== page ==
- Towing or not towing?
- Family size
- Cargo needs
- Seating configuration (Where are others going to be seated?) THE MOST IMPORTANT CONSIDERATION WHEN EVALUATING A VEHICLE IS WHERE WILL YOUR CHILD BE SITTING AND WHERE THE WHEELCHAIR NEEDS TO GO.
- If you need to purchase a large van remember that the maximum "bounce force" is in the back area behind the rear axle. Persons sitting in that zone generally get tossed around quite a bit. Any individual needing to remain in their wheelchair during travel should be seated BETWEEN the front and rear axles as this zone of the vehicle is the most stable and produces the least amount of "bounce" when going over bumps and road hazards. Whiplash is a common injury seen in individuals with either increased or decreased muscle tone. We recommend the individual be in the FORWARD-FACING position in the passenger area for travel. (See www.nmeda.org for industry safety standards.)
- Upon completion of the evaluation, the therapist will provide you with a letter of recommendation. Be sure to make several copies of this letter, keeping the original on file. It will be helpful at this stage to acquire a doctor's prescription for the equipment as specified by the Occupational Therapist in their report/letter.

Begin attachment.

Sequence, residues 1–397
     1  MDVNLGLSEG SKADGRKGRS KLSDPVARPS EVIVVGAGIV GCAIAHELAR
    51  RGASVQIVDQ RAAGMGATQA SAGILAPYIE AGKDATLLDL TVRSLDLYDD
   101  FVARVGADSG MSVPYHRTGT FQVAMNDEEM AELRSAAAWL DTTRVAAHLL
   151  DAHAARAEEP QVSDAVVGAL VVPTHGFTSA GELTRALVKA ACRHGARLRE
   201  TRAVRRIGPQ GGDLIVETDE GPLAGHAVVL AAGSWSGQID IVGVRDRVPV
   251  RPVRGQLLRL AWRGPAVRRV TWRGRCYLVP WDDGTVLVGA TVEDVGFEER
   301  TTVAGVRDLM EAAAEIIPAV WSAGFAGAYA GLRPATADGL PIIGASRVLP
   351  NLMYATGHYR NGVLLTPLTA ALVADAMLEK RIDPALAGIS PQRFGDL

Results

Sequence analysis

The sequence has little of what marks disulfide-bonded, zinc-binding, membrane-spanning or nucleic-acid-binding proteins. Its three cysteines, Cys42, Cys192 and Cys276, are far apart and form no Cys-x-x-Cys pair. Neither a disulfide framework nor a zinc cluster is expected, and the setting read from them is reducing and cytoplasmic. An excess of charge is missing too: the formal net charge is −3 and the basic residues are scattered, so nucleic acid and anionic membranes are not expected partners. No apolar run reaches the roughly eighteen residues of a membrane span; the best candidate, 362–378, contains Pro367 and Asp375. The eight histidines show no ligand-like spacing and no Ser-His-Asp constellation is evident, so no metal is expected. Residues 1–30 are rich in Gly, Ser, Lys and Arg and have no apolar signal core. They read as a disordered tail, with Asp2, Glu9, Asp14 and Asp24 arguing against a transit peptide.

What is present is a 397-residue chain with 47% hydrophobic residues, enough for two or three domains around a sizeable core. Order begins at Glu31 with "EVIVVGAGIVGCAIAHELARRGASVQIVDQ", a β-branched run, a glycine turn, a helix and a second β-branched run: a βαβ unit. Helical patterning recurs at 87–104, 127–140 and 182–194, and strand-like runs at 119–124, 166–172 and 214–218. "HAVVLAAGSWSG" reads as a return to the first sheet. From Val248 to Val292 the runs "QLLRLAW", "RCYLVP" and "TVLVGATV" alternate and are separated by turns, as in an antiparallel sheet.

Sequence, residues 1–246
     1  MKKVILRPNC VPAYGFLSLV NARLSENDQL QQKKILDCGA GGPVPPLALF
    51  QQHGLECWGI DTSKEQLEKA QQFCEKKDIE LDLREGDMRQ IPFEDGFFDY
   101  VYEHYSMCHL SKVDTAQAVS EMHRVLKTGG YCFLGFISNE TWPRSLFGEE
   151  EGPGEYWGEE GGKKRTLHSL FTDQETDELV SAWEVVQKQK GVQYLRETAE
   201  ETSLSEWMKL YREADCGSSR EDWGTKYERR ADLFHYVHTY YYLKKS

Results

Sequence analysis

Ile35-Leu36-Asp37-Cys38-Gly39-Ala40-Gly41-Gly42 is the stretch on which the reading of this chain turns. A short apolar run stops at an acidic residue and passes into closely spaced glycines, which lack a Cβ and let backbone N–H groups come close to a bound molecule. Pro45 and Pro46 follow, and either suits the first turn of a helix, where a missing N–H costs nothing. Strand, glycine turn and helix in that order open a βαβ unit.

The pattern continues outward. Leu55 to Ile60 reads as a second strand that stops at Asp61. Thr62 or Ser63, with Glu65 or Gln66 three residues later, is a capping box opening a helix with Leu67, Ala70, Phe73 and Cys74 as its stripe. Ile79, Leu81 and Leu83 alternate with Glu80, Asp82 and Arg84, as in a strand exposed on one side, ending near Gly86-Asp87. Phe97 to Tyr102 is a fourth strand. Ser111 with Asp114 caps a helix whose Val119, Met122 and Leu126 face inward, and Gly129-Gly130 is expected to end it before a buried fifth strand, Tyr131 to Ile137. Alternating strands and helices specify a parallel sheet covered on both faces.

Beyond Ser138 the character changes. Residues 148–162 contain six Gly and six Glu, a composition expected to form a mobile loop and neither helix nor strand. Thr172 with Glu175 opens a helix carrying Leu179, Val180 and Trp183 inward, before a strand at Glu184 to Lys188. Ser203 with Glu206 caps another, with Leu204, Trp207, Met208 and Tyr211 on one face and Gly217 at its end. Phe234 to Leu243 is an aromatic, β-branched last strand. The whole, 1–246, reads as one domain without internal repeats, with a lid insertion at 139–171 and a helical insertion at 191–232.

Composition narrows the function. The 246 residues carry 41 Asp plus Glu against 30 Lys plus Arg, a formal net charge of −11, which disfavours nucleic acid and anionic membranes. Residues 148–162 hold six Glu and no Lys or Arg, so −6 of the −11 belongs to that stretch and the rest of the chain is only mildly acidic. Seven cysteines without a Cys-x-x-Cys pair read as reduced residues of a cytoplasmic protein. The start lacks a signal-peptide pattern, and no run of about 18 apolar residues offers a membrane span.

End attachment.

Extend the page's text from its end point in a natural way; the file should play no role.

PURCHASING A NEW VEHICLE (if needed): The primary cost of the vehicle is the responsibility of the family. Before making a vehicle purchase decision visit several of the Lift Conversion Dealers/Installers in your area! Find out what options are available. The lift required to accommodate your medical equipment will determine if you are able to use your current vehicle or if you will need to purchase a different make/model.
IT IS IMPORTANT TO NOTE NOT ALL LIFT SYSTEMS WILL FIT ALL VEHICLES. DO NOT PURCHASE A VEHICLE WITHOUT CHECKING WITH YOUR QUALIFIED INSTALLER TO SEE IF THE LIFT SYSTEM WILL WORK IN THE VEHICLE YOU'VE CHOSEN FIRST. ONLY A QUALIFIED INSTALLER CAN TELL YOU IF THE EQUIPMENT YOU NEED WILL WORK WITH THE VEHICLE YOU HAVE OR ARE THINKING TO PURCHASE.
- If your current vehicle cannot support a lift or you need to purchase a new vehicle to accommodate a specific lift system, there are several avenues to consider:
- Purchase the vehicle outright if you can possibly afford it.
- Shop interest rates. Obviously the most preferable is 0%. Watch for year-end fleet sales (September/October) when this rate is most likely to be offered.
- Look for dealerships with assistance programs. It is necessary to ASK about available assistance programs because not all dealerships provide them nor do they promote them. Call the sales manager to see if the dealership has such a program.